I had a few hours free and from somewhere, I am not sure exactly where, came a compelling desire to see bluebells. I took myself to the Royal Botanical Society’s Wakehurst Place in the high Sussex Weald. Here are some 500 acres of woodland and gardens from an old estate. I think I picked the perfect time to go – there are avenues of azaleas and rhododendrons in bloom.
Something about the sheer profligacy of nature is expressive of the love of the Creator. One azalea or rhododendron flower would be a wonder. Banks and hillsides of them speak of the overflowing satisfaction of love and beauty which is lavished on us. It is the equivalent of the 12 baskets of leftovers at the feeding of the five thousand.
Our human frailty teaches us to fear that there won’t be enough, that nourishment or good things or love will run out whereas the opposite is the problem. Our capacity to trust its bounty, to recognise its seasons in our life and adjust our expectations to its scale: this is what sets limits on us when it comes to the love of God.
The paths descend from the formal gardens and the avenues of shrubs into rustling woods of beech and birch and fir. Here bluebells carpet the forest floor. Their subtle scent hangs in the air like some mysterious silent music from a billion tiny bells at my feet.
I sit there and say my rosary, rejoicing anew in the innate spiritual congruence of May as Mary’s month. This is the countryside which Belloc eulogises in his poem “The South Country”: ‘‘It’s there, walking in the high woods that I would wish to be. Where men watch the stars from silent folds and stiffly plough the field. By them, and by the God of the South Country, my poor soul shall be healed.’’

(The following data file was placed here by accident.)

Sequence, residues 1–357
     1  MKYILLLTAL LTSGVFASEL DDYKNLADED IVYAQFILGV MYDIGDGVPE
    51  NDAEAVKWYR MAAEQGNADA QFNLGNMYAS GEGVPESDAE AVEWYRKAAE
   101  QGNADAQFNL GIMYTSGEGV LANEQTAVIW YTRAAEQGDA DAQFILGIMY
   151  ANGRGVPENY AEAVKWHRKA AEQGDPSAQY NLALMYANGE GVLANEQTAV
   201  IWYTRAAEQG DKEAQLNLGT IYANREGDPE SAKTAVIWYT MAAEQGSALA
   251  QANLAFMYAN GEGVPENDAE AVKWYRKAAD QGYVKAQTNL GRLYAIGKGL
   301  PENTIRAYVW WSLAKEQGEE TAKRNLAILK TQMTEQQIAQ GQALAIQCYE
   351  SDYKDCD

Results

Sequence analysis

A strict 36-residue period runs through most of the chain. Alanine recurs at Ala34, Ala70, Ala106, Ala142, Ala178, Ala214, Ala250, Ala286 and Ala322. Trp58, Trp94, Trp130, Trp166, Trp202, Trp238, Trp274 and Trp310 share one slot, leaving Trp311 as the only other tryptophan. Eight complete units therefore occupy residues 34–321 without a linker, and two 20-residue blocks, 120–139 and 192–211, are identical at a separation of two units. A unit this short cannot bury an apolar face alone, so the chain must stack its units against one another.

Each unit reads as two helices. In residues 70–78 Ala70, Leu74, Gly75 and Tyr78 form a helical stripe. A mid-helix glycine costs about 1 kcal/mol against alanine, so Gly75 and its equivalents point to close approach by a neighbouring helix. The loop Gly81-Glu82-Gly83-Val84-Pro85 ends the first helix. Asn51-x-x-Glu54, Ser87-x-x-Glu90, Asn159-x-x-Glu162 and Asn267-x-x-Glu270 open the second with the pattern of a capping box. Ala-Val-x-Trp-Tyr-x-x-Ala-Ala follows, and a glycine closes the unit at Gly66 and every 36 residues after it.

On the way home, I tuned into the BBC to hear an opinion piece by an academic who described witnessing a wonderful sunset in a perfect landscape. The friend she was with was enraptured by the scene; the author was furious with the friend for not realising that in “11 years” it would all be gone. How selfish to wonder at the planet when the sight of it should stir anger at the thought of the coming ‘‘apocalypse’’.
For all its talk of science, there is a growing strand of environmentalism very much like a religion. It is adding martyrs and prophets to its dogmas. The spectacle of world leaders and media outlets prostrating themselves at the feet of a 16-year-old Chosen One who plays truant to warn of the wrath to come, suggests that Reason has been dethroned.
I wondered what kind of welcome would be afforded a 16-year-old who showed a similar sense of doom with politicians and elders for being so out of step with nature that they selfishly use technology to suppress the very human fertility on which survival of the species depends.
Would they sympathise with the horror of spurning Mother Nature if she questioned a right to abort their own children if they are unwelcome? Would they agree that rejecting the gender nature has decreed in utero to balance the species, while simultaneously insisting that gender has nothing to do with nature but is a man-made construct, harmlessly manipulated with artificial hormones and invasive surgeries, is an offence against all that makes for safety and thriving of the species?
The collective response would be to ask who had filled her head with such nonsense and to assume that she was merely projecting some inner guilt learnt from her elders; that her fears were pathological.